Tag Archives: Yoga

Restorative Yoga as a Part of a Paleo Lifestyle

Why is restorative yoga such a perfect complement to a Paleo lifestyle? The reasons are wide-ranging and inspiring:

  • It’s fantastic for joint health
  • It supports good digestion
  • It encourages mindfulness of body and breath
  • It improves the quality of sleep
  • It enhances overall health and wellness – yeah!

In this post we’ll highlight some restorative yoga poses that are especially effective for creating deep and nourishing sleep. They’re great to do after an invigorating day of hiking, biking, when you’ve spent a bit too much time in front of a computer, or any time you want to improve the quality of your sleep.

These positions are drawn largely from the Kaiut Yoga tradition, which specializes in deeply restorative and therapeutic yoga sequences. Doing them in the order they’re presented here is beneficial—though it’s also fine to choose just one or two if you prefer.

Supported Table Pose

For this pose you’ll need a small pillow or folded blanket, and a sturdy desk or table.

Clear off a section of the desk or table and place the pillow or blanket on the edge nearest to your body. Now place your hands, palms facing downward, near the center of the desk/table.

Next, step your feet back and rest your forehead on the pillow/blanket, with your arms extending forward along the desk/table, your spine parallel to the floor, and your hips directly above your feet. Your back should now be an extension of the tabletop (or desktop), with your forehead resting comfortably on the pillow (or folded blanket).

Reach forward through your fingers and at the same time draw your hips in the opposite direction (away from the table). Feel how these two movements together naturally lengthen your spine.

Remain in this position for a couple of minutes, relaxing your head and neck completely while becoming aware of the movement of your breath – how the inhalations and exhalations feel in your body.

Reclined Hands-Behind-Head Pose

For this pose you’ll need to lie down on the floor, facing upward. Hinge your knees so that the soles of your feet are flat on the floor, about hip-width apart.

Now interlace your fingers behind your head (or put them at your side) and allow your elbows to relax toward the floor. Your elbows may release naturally all the way to the floor or they may float a bit above the floor. Either way is fine.

Remaining in this position, gently close your eyes and once again bring your attention to the movement of your breath. Become aware of the sensations in your body, particularly in your upper chest, back, and shoulders.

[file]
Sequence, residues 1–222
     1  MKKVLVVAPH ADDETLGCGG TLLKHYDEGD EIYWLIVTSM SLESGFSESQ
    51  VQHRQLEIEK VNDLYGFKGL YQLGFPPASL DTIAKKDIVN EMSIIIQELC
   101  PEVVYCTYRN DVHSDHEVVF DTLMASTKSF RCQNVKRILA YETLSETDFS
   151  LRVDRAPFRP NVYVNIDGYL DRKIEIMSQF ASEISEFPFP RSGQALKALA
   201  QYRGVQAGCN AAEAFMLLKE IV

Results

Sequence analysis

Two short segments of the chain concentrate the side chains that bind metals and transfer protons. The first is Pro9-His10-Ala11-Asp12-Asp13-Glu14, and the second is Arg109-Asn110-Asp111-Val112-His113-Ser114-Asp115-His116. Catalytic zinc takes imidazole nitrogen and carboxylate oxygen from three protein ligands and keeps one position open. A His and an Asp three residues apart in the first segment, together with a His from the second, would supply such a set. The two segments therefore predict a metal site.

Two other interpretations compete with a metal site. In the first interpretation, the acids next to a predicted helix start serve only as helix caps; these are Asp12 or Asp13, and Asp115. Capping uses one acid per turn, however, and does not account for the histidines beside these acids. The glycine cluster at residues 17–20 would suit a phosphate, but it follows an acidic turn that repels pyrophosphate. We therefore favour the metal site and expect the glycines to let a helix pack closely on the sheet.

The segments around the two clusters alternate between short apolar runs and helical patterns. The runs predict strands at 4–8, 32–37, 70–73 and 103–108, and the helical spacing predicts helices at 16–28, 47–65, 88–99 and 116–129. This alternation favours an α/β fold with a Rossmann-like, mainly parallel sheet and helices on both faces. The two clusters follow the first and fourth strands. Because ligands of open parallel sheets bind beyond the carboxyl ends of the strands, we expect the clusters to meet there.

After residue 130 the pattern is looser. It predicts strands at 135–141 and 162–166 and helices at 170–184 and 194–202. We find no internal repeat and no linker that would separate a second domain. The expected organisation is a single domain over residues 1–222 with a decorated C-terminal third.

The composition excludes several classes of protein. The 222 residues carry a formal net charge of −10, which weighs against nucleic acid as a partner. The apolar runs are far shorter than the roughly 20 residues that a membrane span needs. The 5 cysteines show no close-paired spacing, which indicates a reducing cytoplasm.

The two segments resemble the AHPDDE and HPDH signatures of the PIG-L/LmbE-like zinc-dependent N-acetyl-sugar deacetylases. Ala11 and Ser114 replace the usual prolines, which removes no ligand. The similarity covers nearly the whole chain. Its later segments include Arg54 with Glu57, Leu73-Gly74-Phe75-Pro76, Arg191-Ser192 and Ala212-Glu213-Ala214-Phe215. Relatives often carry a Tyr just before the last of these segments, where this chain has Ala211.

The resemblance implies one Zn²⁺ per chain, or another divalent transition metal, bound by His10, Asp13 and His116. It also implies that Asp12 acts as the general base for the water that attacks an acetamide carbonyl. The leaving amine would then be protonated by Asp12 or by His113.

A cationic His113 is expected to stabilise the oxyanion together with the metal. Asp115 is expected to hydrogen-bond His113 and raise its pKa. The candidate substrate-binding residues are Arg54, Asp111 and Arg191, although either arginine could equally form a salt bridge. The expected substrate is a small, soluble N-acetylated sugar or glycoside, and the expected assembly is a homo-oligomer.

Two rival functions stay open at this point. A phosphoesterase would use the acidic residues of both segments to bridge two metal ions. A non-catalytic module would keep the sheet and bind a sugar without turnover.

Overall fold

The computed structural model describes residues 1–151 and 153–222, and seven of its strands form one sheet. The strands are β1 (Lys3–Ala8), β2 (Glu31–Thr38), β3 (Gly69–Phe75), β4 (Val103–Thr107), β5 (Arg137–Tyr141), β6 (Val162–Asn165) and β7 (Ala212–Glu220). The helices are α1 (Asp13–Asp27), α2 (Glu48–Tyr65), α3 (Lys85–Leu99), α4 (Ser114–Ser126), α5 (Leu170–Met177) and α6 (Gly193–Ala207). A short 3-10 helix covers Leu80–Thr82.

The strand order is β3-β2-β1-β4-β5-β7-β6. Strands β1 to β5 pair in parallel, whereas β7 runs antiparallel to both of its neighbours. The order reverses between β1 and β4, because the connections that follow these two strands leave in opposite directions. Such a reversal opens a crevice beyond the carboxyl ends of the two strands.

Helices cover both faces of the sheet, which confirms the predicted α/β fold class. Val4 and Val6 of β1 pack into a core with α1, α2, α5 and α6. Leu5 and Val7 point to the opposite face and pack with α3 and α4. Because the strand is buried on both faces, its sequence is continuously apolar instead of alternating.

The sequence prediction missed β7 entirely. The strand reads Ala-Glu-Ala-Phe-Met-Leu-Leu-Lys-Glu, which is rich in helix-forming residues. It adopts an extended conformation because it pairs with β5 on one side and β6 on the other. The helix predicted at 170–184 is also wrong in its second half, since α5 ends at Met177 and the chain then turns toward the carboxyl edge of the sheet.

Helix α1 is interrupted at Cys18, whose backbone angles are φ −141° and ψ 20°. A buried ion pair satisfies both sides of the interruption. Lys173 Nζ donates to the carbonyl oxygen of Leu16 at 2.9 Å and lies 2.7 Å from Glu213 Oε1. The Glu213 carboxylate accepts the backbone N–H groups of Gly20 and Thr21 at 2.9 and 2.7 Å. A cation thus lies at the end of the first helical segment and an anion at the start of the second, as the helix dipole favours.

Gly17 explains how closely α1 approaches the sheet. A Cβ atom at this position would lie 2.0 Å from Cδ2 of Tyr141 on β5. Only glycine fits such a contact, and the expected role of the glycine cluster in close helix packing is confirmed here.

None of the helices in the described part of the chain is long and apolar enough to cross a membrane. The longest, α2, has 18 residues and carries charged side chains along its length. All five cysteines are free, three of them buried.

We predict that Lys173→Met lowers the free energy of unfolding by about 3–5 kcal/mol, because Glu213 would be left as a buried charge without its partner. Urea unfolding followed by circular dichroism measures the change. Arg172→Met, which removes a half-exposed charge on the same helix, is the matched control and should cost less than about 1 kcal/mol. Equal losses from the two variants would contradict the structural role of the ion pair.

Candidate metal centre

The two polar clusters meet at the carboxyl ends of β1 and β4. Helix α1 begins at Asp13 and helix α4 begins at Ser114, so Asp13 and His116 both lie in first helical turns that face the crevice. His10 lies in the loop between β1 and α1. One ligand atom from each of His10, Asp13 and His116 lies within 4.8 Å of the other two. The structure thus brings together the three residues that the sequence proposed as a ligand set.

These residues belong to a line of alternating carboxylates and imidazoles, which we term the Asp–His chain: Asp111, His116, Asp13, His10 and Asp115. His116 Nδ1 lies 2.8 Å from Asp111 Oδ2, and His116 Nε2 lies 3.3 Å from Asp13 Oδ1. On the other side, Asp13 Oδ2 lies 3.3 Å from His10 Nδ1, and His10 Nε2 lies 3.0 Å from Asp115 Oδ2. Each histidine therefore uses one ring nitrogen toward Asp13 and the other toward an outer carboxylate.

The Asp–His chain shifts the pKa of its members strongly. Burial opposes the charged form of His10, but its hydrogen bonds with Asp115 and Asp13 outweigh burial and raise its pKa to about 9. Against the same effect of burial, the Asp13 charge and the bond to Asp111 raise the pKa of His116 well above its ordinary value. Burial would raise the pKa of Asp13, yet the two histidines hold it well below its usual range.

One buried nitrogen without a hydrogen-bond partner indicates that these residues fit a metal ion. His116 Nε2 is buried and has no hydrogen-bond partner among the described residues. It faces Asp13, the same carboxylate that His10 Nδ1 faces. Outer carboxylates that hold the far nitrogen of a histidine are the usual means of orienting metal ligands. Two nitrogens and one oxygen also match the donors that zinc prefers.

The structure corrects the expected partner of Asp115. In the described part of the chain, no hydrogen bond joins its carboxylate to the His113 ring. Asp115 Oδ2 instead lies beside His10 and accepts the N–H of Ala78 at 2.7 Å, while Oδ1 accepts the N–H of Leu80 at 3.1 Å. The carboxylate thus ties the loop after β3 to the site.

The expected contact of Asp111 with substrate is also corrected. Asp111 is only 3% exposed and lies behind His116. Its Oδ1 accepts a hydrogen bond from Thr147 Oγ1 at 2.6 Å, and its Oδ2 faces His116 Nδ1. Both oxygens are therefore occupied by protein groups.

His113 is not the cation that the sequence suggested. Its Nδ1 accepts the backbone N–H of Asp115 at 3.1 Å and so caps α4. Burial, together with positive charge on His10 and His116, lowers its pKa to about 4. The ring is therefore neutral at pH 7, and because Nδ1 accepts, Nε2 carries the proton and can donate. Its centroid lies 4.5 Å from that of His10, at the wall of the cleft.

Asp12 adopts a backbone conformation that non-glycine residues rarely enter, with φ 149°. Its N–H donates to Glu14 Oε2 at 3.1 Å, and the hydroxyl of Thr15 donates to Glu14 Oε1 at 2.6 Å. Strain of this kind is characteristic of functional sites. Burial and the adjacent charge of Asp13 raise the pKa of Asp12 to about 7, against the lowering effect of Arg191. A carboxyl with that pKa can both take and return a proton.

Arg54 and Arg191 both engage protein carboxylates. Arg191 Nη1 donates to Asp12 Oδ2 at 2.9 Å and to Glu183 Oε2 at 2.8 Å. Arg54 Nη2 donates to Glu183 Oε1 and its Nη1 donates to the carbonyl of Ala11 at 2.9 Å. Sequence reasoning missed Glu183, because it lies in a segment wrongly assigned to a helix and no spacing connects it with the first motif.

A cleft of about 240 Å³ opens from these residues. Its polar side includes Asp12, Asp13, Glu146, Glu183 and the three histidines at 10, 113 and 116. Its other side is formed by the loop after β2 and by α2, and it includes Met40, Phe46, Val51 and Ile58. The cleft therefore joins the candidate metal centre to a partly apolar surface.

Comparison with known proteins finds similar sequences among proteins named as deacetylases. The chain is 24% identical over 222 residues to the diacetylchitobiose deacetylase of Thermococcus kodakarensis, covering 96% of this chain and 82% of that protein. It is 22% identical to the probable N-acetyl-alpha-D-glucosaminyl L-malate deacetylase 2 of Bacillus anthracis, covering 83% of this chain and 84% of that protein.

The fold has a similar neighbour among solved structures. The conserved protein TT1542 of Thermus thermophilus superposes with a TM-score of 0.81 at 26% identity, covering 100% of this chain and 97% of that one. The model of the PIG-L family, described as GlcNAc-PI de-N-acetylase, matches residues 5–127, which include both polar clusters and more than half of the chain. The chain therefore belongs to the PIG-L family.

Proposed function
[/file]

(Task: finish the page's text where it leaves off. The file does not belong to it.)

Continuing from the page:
Remain in the pose for a couple of minutes, then release your hands and gently role to the side.

Legs-Up-the-Wall Pose

The Legs-Up-the-Wall Pose (aka Viparita Karani) offers many benefits on its own or as part of a series. It’s a great one to do any time your legs could use a bit of rest and rejuvenation: You can even do it in the middle of a forest hike, using a tree-trunk instead of a wall. But here we’ll assume you’re indoors and using a wall.

Sit on the floor, close to a wall. Now release your torso downward and swing your legs up onto the wall. Try to have the base of your pelvis 4-6 inches away from the wall, so your legs are at an angle, with just the heels of your feet in contact with the wall.

Place your hands wherever they’re most comfortable – resting near your hips, with your hands on your belly, or with your hands interlace behind your head (as in the previous pose).

Reach up gently through your heals to fully extend your legs. Allow your eyes to gently close and welcome whatever physical sensations you become aware of.

Remain in this pose for three to five minutes or longer if you’d like. To come out of the pose, hinge your knees to slide your feet down the wall and then roll onto your side.

Calming-The-Senses Pose

This pose provides an opportunity to calm and soothe your sensory organs. Though it can be done at any time during the day, it’s especially wonderful right before bed. Here’s how:

Sit cross-legged or lie down on your bed, facing upward. If you wear glasses, take them off.

Rub the palms of your hands together for a few seconds, to generate warmth. Then place your cupped hands over your eyes so that the palms are forming domes over your closed eyes, with the edges of your hands firmly against the skin around the eyes. Remain in this position for one to two minutes, enjoying the relaxation of your eyes and forehead.

Now do the same thing with your ears. Rub the palms of your hands together to generate warmth and then cup your hands over your ears. With your eyes closed and your hands cupping your ears, enjoy the sound of your breath. Remain like this for one to two minutes.

Savasana: Corpse Pose

This final pose in our sequence, called Savasana (aka Corpse Pose), can be done lying down on the floor or – if you’re preparing to go to sleep immediately afterwards – right in your bed. In either case, lie down on your back, facing upward.

Extend your legs fully, and allow your arms to rest near your sides, wherever they’re most comfortable. Take a few deep, slow breaths, saying “ahh” as you relax the muscle of your face, neck and jaw completely. Smile gently as though you just got a joke that someone told you earlier in the day.